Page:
Effective Treatment Is Available
The same treatments that physicians have used for years to manage DIRs are effective in managing COVID-19 vaccine/dermal filler reactions. Some physicians are also using lisinopril, an angiotensin-converting enzyme (ACE) inhibitor, to treat DTRs related to COVID-19 or the COVID-19 vaccine, as the SARS-CoV-2 spike protein uses angiotensin-converting enzyme 2 (ACE2) to enter cells.
Explore This IssueAugust 2021
Treatment, however, isn’t always necessary. “‘Skillful neglect,’ as the English call it, is a real part of this treatment process,” Dr. Nayak said, noting that many reactions will resolve in a few days without intervention. If the reaction is causing the patient discomfort or distress, you may want to consider a tiered approach to treatment:
Over-the-counter medication. OTC antihistamines and anti-inflammatory pain medications such as ibuprofen are often sufficient to relieve patient discomfort, particularly when coupled with home remedies such as cold compresses, head-of-the-bed elevation, salt restriction, and alcohol avoidance, said Dr. Kourosh and Dr. Nayak. Dr. Nayak also sometimes recommends the use of arnica montana and bromelain, two dietary supplements that studies show may decrease edema and pain (Am J Ther. 2016;23:e184-197).
Because some journal articles suggest that nonsteroidal anti-inflammatory drugs (NSAIDs) might negatively affect vaccine efficacy, Dr. Munavalli said he doesn’t recommend NSAIDs as first-line treatment, while noting that typical doses of OTC NSAIDs “wouldn’t hurt, necessarily.” Indeed, a 2016 literature review found that the only studies that noted a “significant negative impact on immune response” were those in which NSAIDs were administered preventively at the time of vaccination, not when they were administered later to treat uncomfortable side effects (Hum Vaccin Immunother. 2016;12:2391-2402). A 2021 study found that NSAID treatment impaired the immune response of mice to SARS-CoV-2 infection (J Virol. 2021;95:e00014-21).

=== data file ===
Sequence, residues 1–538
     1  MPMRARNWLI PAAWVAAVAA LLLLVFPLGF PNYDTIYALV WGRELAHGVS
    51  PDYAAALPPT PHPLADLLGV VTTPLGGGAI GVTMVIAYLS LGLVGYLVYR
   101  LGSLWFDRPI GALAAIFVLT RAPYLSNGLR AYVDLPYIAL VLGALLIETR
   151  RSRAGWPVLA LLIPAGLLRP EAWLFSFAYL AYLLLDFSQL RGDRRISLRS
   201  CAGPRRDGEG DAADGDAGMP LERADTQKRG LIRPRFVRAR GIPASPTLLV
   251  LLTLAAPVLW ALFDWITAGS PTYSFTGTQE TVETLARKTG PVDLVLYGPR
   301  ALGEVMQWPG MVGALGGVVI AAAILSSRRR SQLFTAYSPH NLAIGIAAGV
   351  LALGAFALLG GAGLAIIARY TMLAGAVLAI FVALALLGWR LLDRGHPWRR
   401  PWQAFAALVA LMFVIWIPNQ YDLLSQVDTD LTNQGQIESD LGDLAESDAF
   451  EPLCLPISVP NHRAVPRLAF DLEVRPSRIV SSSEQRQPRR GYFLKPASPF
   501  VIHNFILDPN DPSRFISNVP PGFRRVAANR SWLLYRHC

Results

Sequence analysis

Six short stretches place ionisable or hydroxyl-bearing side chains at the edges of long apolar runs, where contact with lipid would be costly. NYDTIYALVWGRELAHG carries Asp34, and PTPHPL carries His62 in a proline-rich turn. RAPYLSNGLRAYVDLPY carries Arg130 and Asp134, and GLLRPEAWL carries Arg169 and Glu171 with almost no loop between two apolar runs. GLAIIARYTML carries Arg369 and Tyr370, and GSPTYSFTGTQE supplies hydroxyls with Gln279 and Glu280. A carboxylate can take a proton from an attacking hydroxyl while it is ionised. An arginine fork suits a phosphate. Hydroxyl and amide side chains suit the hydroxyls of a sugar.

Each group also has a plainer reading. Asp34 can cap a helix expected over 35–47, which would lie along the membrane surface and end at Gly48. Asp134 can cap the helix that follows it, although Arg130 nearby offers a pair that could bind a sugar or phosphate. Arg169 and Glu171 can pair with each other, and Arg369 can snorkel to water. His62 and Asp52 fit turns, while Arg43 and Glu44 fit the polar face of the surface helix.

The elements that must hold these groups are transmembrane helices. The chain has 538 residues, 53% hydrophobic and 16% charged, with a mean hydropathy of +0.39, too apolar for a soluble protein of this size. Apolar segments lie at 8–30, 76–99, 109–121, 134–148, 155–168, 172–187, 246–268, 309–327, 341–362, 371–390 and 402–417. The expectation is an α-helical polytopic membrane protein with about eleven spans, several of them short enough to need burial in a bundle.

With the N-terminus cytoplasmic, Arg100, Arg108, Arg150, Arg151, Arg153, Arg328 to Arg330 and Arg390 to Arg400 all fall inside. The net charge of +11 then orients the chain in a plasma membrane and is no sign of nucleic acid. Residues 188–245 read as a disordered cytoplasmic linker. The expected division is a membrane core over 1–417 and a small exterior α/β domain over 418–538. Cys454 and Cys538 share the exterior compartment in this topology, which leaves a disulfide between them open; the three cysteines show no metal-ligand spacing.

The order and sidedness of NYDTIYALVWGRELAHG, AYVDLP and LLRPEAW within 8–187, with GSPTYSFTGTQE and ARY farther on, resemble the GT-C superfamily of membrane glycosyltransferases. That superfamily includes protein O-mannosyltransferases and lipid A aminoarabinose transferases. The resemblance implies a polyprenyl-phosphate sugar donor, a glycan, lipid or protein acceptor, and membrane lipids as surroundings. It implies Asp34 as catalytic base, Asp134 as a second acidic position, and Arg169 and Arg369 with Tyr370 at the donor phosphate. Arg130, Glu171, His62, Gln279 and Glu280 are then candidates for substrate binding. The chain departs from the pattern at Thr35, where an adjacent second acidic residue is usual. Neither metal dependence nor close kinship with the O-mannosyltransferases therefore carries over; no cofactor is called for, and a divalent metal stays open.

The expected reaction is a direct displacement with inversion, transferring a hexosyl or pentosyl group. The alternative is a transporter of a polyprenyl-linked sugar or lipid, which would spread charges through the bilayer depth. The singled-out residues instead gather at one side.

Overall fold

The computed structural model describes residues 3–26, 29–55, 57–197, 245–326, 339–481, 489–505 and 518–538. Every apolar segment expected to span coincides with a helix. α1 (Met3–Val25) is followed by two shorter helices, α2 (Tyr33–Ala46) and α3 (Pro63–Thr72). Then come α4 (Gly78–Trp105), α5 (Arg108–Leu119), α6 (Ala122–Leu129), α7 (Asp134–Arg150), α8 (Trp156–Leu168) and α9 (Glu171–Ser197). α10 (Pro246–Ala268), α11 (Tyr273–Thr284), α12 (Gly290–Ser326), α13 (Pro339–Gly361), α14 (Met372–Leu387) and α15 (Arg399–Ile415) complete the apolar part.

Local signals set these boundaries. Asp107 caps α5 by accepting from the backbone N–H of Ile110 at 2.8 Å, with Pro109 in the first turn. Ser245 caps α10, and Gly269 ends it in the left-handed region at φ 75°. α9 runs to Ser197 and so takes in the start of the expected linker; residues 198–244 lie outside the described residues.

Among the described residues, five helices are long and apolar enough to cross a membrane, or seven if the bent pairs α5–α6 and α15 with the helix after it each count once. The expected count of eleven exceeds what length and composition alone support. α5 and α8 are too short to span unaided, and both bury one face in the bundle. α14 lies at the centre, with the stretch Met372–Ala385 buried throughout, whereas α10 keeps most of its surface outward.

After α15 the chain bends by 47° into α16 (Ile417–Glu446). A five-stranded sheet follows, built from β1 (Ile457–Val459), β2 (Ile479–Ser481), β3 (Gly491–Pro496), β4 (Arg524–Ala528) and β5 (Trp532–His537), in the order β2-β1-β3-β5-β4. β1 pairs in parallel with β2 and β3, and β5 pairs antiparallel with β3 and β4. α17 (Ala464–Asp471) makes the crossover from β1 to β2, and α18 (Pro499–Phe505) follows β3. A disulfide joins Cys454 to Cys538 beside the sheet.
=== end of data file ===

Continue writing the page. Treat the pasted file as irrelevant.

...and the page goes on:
Steroids. The American Society for Dermatologic Surgery (ASDS) Guidance Regarding SARS-CoV-2 mRNA Vaccine Side Effects in Dermal Filler Patients, released in January 2021, states that “Delayed noninflammatory nodules without suspicion of infection may be treated initially with oral corticosteroids for 1 to 2 weeks, rather than dissolving with hyaluronidase, should the retention of the filler effect be desired. Addition of antibiotics (doxycycline or minocycline) should be considered for anti-inflammatory and antimicrobial properties.”
Dr. Kontis used a prednisone taper to successfully treat a woman who experienced facial swelling after her second dose of the Pfizer-BioNTech COVID-19 vaccine, which the patient received approximately eight months after receiving hyaluronic acid filler. Dr. Munavalli said that, in his experience, “Quite a few of these cases are not steroid-responsive anyway. … I’m not really sure why except that it may be that this reaction isn’t as sensitive to inhibition with steroids based on the mechanism of action.”